It doesn't take long to realise that Jasmine French, the title character of Woody Allen's 44th film, is one deeply troubled woman.
In the first scene, she rabbits on to the alarmed woman seated next to her on a flight from New York to San Francisco, and the barrage keeps up at the baggage carousel.
By the time she lands on the doorstep of her sister Ginger (Hawkins) in the Mission District, we have a good a sense of her monstrous neediness, and of the pretensions to gentility (she's broke, but she has matching Louis Vuitton luggage and flies first class) that keep her alive. Newly minted though she is, Jasmine is a titanic, unforgettable character.
Transcending her derivative roots, she is a figure of radiant, heartbreaking individuality and, in bringing her to life, Blanchett turns in a bravura, career-defining performance that must make her a hot favourite for a second Oscar.
The origin of Jasmine's profound malaise emerges only gradually as the film takes us back and forth between her unwelcome stay in Ginger's spare room and the gilded palaces of Manhattan's Upper East Side from which she has fallen.
It would be wrong to spell it out in detail, though it spoils nothing to say that her husband Hal (Baldwin) is cut from the same Ponzi-scheming cloth as Bernie Madoff; her fall-from-grace story has something elemental about it, like that of Judah Rosenthal in 1989's Crimes and Misdemeanors, the Allen film this most reminds me of.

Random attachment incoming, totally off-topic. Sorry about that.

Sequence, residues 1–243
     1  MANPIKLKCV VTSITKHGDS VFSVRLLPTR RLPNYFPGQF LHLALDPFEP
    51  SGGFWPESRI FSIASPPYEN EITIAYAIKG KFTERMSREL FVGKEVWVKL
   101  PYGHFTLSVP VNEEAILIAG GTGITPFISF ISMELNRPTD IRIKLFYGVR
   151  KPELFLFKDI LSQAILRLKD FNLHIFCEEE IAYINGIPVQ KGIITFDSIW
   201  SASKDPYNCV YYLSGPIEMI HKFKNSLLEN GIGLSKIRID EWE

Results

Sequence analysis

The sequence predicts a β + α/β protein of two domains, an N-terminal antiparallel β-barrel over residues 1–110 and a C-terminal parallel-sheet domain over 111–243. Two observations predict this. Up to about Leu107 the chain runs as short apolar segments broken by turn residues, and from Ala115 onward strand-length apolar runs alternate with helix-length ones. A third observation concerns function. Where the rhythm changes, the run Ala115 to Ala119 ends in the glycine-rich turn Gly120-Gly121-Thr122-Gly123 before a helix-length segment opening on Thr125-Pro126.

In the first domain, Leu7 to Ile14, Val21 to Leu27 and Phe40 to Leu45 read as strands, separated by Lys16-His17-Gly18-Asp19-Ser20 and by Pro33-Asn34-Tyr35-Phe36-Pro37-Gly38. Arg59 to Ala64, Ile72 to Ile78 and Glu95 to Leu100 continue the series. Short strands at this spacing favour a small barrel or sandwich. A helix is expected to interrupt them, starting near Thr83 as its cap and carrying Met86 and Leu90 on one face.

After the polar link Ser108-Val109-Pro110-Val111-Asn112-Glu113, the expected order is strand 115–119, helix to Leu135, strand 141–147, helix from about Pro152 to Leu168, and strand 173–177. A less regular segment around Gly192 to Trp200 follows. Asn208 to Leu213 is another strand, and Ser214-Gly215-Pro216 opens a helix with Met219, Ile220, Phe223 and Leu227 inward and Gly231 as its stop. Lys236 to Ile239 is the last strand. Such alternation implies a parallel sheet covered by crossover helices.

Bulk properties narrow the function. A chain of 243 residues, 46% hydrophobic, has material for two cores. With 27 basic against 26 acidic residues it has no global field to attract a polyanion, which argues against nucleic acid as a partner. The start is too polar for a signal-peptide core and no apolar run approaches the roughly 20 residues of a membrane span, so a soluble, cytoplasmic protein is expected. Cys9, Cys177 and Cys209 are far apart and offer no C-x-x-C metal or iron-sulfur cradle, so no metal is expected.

Jasmine's in town to make a new start but, addled with vodka and valium, she cannot quite bring herself to admit as much. She condescends to the good-hearted Ginger and her volatile but lovable beau Chili (Bobby Cannavale) and she dreams of parlaying her experience of living in luxury into a career as an interior designer. Then she meets Dwight (Sarsgaard), a rich diplomat who needs a decorative wife to aid his political ambitions ...
Allen's script, machined with the precision of a Swiss watch, is the richest and densest he's done since Match Point, though this is twice the film that was. There is not a trace of whimsy or even deadpan Jewish gallows humour; the laughs, such as they are, are bleak and bitter.
But the experience is far from being depressing. Jasmine is, by turns, hilarious and horrifying; pitiable and fearsome and Blanchett's performance is a force of nature. Don't miss it.
Cast: Cate Blanchett, Sally Hawkins, Alec Baldwin, Peter Sarsgaard
Director: Woody Allen
Running time: 98 mins
Rating: M (offensive language)
Verdict: Allen's most substantial film in years and his best female character ever